- Introduction of responsible government in the provinces through the device of ‘Dyarchy’ or dual government.
- Division of subjects of administration into central and provincial subjects.
- The central subjects were kept exclusively under the control of the Central Government.
- The provincial subjects were divided into ‘transferred’ and ‘reserved‘ subjects.
- ‘Transferred subjects’ were to be administered by the Governor with the aid of ministers responsible to the Legislative Council.
- ‘Reserved subjects’ were to be administered by the Governor and his Executive Council with no responsibility to the legislature.
- Increase in the number of Indian members in the central and provincial legislative councils.
- Introduction of separate electorates for different communities, including Muslims, Sikhs, Indian Christians, and Anglo-Indians.
- Expansion of the scope of local self-government and creation of new provinces.
- Transfer of some financial powers from the British Indian government to the Indian government.
- Creation of the office of the Secretary of State for India, who was responsible for Indian affairs.
- Introduction of a Public Service Commission for recruitment of civil servants.
- Extension of the jurisdiction of the Federal Court of India to hear appeals from the high courts of the provinces.
- Provision for the Indianization of the higher civil service.
- Division of sources of revenue into two categories to allow provinces to run their own administration.
- Separation of the provincial budget from the central budget.
- Establishment of a Joint Parliamentary Committee to review the working of the act and make recommendations for its improvement.
- Introduction of the principle of responsible government in the provinces, with the Governor being made responsible to the central government.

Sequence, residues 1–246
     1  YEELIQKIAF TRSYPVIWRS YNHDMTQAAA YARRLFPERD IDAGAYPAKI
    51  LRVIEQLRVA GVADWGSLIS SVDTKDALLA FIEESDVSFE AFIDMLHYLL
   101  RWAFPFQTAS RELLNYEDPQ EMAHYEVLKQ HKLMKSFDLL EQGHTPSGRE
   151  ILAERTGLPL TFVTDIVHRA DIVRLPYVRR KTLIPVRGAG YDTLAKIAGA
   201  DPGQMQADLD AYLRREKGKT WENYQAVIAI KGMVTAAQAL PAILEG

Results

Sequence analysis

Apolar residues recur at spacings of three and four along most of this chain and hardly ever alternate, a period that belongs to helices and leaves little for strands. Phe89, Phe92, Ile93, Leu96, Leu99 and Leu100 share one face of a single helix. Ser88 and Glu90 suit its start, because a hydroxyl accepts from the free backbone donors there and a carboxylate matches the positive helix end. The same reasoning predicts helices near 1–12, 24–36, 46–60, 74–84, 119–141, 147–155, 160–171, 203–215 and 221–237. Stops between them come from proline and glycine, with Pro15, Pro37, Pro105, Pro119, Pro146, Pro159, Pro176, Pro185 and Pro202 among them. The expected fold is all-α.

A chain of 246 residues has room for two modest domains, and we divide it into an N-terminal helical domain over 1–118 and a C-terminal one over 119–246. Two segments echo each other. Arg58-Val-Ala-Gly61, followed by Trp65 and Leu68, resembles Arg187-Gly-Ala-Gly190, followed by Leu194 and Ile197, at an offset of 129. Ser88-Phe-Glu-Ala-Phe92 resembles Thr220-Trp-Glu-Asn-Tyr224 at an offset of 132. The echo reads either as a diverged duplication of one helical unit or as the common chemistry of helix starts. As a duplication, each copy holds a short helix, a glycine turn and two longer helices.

- Expansion of the powers of the central government to enforce provisions related to defence, foreign affairs, and communication.
- Provisions for the protection of minority rights and tribal interests.
- Extension of the scope of the Central Legislative Assembly to include representatives from the princely states.
- Introduction of a federal structure in India, with the central government having powers over matters of national importance and the provincial governments having powers over local matters.
- The Upper House was named the Council of State and was composed of 60 members, of whom 34 were elected.
- Provision for the creation of a public service commission for the selection of civil servants.
- Introduction of the principle of separate representation for different communities and the provision of special representation for Muslims.
- Expansion of the scope of local self-government and the creation of new provinces.
GOI Act 1919 Impact on Indian Governance and Politics
The Government of India Act, 1919 had a significant impact on Indian governance and politics. The Act introduced the concept of responsible government in the provinces and devolved power to Indian representatives. This marked a departure from the previous policy of direct British rule and represented a step towards greater political representation for Indians.